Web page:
Name Instructor Course Date “The Love Song of J. Alfred Prufrock”: Analysis “The Love Song of J. Alfred Prufrock” is a modernist poem by T. S. Eliot, written in 1915. It takes the form of a monologue and follows a very unconventional style. There are traditional rhyming couplets, alternating with modern free verse…
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Even the title is misleading, as the poem is not a love song in the typical meaning of the genre. The narrator is J. Alfred Prufrock. It is clear that he is addressing his love. At the same time, Prufrock devotes more time to introspection, and dream-like imagery than to his love. The tense of the poem is continuously changing, with the past, present and future merging into one narrative. “The Love Song of J. Alfred Prufrock” demonstrates Prufrock’s aspiration to declare his love, his fear of rejection and his deep regret over his lost opportunity. (Thesis). “The Love Song of J. Alfred Prufrock” begins on a note of aspiration as the narrator adopts the hopeful tone of the traditional suitor. He invites his love to a romantic walk, telling her, “Let us go then, you and I, / When the evening is spread out against the sky” (7/8). As the poem winds its way through different paths, the narrator returns at intervals to the subject of his love. This love for the woman he addresses in the poem is demonstrated in the form of references to her arms, as seen under the light of the evening lamps, or as the fragrance of the perfume she wears on her dress: “Arms that are braceleted and white and bare/ (But in the lamplight, downed with light brown hair!)/ Is it perfume from a dress/ That makes me so digress?” (68-71). ...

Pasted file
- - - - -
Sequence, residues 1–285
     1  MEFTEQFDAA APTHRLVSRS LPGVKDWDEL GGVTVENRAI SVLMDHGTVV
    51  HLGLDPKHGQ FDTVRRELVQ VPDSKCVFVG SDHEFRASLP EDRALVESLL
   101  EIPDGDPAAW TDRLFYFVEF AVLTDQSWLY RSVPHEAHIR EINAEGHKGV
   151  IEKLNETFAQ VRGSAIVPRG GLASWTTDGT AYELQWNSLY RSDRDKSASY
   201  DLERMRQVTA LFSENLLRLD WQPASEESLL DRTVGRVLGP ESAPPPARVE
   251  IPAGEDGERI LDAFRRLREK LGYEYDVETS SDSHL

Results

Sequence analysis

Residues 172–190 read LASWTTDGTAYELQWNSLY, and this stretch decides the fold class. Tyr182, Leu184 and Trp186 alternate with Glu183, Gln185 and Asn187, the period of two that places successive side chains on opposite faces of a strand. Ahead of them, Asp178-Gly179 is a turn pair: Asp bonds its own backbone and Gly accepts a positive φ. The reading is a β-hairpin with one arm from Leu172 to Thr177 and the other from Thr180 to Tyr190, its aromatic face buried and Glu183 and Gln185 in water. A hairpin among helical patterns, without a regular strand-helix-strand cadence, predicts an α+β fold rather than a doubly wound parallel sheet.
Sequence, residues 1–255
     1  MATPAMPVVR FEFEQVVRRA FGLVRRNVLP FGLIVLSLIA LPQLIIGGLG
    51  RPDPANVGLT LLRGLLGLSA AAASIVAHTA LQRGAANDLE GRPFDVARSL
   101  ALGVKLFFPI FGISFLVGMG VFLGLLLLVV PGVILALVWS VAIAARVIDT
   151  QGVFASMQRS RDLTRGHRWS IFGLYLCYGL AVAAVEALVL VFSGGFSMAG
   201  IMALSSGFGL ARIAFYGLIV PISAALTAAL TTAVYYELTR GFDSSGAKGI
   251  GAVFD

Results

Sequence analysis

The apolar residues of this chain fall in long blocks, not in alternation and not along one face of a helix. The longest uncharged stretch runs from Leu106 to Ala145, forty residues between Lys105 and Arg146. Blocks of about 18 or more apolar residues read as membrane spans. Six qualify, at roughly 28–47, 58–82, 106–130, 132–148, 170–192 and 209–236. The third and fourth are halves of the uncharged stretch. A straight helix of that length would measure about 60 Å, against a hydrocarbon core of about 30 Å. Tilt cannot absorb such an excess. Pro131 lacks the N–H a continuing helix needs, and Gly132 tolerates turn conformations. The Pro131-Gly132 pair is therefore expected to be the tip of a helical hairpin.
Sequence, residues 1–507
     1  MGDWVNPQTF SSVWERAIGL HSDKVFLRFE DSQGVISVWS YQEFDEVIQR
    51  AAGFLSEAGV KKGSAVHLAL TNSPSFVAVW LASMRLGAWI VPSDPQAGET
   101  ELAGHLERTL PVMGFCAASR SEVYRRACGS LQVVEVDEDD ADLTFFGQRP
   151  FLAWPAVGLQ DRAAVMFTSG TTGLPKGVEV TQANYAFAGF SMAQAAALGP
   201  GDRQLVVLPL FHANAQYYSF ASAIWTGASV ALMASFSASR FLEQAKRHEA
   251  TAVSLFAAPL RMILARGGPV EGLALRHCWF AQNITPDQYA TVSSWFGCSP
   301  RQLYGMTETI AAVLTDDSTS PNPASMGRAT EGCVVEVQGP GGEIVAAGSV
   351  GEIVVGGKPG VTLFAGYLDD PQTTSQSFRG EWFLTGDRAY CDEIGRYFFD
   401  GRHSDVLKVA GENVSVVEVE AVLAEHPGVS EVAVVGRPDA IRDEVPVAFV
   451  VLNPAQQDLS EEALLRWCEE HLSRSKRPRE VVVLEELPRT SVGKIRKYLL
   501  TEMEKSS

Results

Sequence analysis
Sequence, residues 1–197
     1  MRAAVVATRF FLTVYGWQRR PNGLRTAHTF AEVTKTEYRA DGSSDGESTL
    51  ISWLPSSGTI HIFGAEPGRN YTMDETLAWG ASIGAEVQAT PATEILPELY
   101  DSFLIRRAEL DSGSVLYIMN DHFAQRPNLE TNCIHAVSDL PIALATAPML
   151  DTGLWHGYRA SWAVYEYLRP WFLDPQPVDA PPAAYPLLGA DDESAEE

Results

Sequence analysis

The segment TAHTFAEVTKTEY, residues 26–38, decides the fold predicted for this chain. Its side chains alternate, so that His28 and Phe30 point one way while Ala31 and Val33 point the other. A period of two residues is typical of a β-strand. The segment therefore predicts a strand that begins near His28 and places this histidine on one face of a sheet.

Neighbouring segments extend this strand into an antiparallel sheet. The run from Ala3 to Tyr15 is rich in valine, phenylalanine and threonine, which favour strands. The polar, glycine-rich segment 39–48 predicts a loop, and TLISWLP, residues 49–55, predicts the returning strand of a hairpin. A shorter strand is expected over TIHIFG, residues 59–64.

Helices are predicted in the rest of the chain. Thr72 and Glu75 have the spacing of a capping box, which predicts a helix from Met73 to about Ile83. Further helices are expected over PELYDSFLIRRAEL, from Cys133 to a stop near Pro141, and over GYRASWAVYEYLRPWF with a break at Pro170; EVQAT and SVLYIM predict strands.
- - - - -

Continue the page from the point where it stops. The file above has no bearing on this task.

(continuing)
He sees himself as an outsider who is superficially in the company of the woman he addresses but not a vital part of her life. He is always outside the lively music which others hear. He professes his intention to the reader, saying that he wants to ask the lady something significant: “To lead you to an overwhelming question...” (16). However, Prufrock fears to declare his intentions. Although he constantly refers to his desire to declare his feelings to the woman he addresses, Prufrock remains indecisive, fearing rejection. He keeps procrastinating and insists that there is “Time for you and time for me, / And time yet for a hundred indecisions,” (37/38). It soon becomes clear to the reader that the reason for this indecisiveness is Prufrock’s fear of rejection. He fears that he will be subject to close examination and made to feel like a biological specimen. He is tortured by doubts as to the correct approach, and repeatedly wonders, “And should I then presume? / And how should I begin?” (74/75). He cannot summon up the courage to dare address the woman. He ascends and descends the stairs, fears to upset the status quo and remains in suspended animation. In fact, in a very revealing picture of vulnerability, Prufrock compares himself to a crab, saying “I should have been a pair of ragged claws / Scuttling across the floors of silent seas” (79/80). He is afraid to expose his feelings, fearing rejection. His confidence is further undermined by his fear that he may have misinterpreted the woman’s signals of love. What if she should say: “That is not what I meant at all; / That is not it, at all.” (109/110). In all this procrastination, the opportunity to declare his love slips by and is
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(Analysis of a Poem Essay Example | Topics and Well Written Essays - 750 Words)
“Analysis of a Poem Essay Example | Topics and Well Written Essays - 750 Words”, n.d. https://studentshare.org/english/1470075-analysis-of-a-poem.
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